Images of Muhammed

When the controversy broke out last year over the Danish cartoons depicting the prophet Muhammed, I read a lot about how depictions of Muhammed were strictly forbidden in Islam.

I remember thinking at the time that this didn't seem quite right. I specifically remembered seeing an image a few years ago of Muhammed riding a horse, with his face left blank.

Recently I stumbled across a website that contains a lot of images of Muhammed, some Islamic, others not. It's quite interesting. There is page with a number of images of Muhammed with a blank face, including the one I remember seeing before. There are also some Christian images, which are predictably very negative. One is a fresco from a church in Bologna, which shows Muhammed being tortured in hell. There are several depictions of a scene in Dante's Inferno in which Muhammed's torso is sliced down the front, and his entrails are hanging out.

Needless to say, it makes those Danish cartoons look really tame.

Here is a link to the site.


And now for something completely different...

No, not really. More on the Pope Benedict controversy. I just read this very interesting, very well-informed article by Juan Cole, about the speech. A long excerpt was posted on dotCommonweal, and the full thing is available here. I highly recommend reading it.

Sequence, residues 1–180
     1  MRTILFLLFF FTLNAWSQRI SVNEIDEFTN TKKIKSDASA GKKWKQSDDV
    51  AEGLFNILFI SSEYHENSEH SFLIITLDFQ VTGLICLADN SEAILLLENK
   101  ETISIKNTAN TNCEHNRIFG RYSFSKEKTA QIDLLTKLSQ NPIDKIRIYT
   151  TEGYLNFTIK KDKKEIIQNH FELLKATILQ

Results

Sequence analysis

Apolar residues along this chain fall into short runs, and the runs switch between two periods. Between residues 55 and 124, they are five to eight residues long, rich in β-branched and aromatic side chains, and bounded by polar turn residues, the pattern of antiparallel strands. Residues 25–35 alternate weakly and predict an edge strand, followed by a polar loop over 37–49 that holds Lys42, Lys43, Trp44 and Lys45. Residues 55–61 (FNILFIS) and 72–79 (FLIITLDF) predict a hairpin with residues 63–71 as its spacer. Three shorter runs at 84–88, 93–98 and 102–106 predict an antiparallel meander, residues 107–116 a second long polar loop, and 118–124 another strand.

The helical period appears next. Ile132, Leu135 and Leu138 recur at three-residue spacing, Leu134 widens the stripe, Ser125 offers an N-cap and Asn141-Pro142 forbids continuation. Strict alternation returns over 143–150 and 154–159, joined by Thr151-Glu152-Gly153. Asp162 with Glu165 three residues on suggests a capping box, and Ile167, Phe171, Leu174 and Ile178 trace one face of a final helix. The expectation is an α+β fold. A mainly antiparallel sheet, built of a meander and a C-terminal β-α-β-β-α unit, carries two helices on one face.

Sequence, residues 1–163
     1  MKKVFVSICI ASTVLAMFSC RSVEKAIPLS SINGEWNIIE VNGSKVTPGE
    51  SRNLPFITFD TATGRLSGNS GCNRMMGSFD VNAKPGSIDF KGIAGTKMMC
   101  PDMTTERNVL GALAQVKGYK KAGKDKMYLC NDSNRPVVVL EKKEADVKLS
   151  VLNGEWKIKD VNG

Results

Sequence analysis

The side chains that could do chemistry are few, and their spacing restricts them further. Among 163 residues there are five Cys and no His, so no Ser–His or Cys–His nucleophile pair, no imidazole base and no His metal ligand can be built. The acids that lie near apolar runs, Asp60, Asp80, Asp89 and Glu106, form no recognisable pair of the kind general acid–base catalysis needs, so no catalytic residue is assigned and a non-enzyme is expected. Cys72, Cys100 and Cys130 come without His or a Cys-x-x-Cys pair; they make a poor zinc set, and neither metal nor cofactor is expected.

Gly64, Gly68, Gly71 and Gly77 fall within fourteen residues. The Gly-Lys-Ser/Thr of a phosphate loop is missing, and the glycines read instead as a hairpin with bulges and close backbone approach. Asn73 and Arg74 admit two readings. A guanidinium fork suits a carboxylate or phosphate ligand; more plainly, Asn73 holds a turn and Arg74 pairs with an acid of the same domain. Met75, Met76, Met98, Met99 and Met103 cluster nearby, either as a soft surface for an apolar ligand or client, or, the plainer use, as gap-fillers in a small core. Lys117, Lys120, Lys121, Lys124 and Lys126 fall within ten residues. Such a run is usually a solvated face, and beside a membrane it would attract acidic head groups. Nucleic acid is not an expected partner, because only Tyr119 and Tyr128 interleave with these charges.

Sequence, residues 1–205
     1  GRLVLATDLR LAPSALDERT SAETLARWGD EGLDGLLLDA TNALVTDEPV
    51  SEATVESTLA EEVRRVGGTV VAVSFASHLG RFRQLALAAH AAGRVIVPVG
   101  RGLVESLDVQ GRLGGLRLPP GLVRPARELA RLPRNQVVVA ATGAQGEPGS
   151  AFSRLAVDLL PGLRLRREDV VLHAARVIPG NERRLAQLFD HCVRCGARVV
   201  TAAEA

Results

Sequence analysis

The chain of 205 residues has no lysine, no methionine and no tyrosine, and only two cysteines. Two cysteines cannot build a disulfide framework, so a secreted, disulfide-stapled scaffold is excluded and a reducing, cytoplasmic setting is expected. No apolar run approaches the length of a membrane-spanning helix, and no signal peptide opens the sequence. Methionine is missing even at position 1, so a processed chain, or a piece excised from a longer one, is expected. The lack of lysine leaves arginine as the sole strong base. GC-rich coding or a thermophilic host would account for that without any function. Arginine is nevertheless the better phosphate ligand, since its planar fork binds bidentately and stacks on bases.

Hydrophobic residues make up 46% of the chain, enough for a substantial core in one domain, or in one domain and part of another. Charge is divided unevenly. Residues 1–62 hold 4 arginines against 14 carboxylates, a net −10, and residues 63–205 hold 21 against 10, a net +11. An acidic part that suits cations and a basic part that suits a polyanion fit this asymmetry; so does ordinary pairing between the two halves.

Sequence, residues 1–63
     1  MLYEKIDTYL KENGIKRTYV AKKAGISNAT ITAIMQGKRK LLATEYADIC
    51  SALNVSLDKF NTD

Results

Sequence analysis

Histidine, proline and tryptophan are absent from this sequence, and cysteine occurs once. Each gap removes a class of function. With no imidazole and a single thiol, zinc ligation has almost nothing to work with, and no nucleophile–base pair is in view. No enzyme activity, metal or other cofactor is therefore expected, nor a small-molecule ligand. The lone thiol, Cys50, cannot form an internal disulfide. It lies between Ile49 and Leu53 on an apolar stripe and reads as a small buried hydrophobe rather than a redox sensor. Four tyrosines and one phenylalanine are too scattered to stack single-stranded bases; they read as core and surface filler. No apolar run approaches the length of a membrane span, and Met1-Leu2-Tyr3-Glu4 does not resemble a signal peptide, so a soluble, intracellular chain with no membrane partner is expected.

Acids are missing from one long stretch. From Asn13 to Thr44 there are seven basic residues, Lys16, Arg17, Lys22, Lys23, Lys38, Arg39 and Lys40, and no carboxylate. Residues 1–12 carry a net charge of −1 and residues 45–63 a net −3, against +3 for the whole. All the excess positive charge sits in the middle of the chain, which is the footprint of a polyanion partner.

Benedict says he's "deeply sorry"

"This was a quote from a medieval text which does not express in any way my personal thoughts," the pope said in his regular Sunday blessing, the Angelus, at his summer residence at Castel Gandolfo, southeast of Rome.

The pope told pilgrims he hoped his remarks now and an explanation by the Vatican Saturday were enough to "placate spirits and give the true meaning of my address, which in its totality was an attempt to frankly and sincerely express my great reciprocal and mutual respect with the Muslim faith." (from CNN.com)

I'm still wondering why he quoted it. Maybe if he explained that, people would take him more seriously. But I haven't read the entire Angelus text, as it hasn't been posted on the Vatican website just yet. So we'll have to see.


Some thoughts on Benedict's speech

So now Cardinal Bertone is saying that the pope "had absolutely no intention" of implying that he shared Emperor Manuel's opinion about Islam. My question, then, is why did he quote him? Why quote someone else's opinion if you don't share it? If you don't distinguish between that opinion and your own, aren't people quite justified in taking offense?

If the pope wanted an example of religiously motivated violence to condemn, and if he was going to use an example from the distant past, why pick on Muhammed (as interpreted by a Byzantine emperor)? He couldn't have found something in his own church's history? Perhaps one of his predecessors, like Innocent III?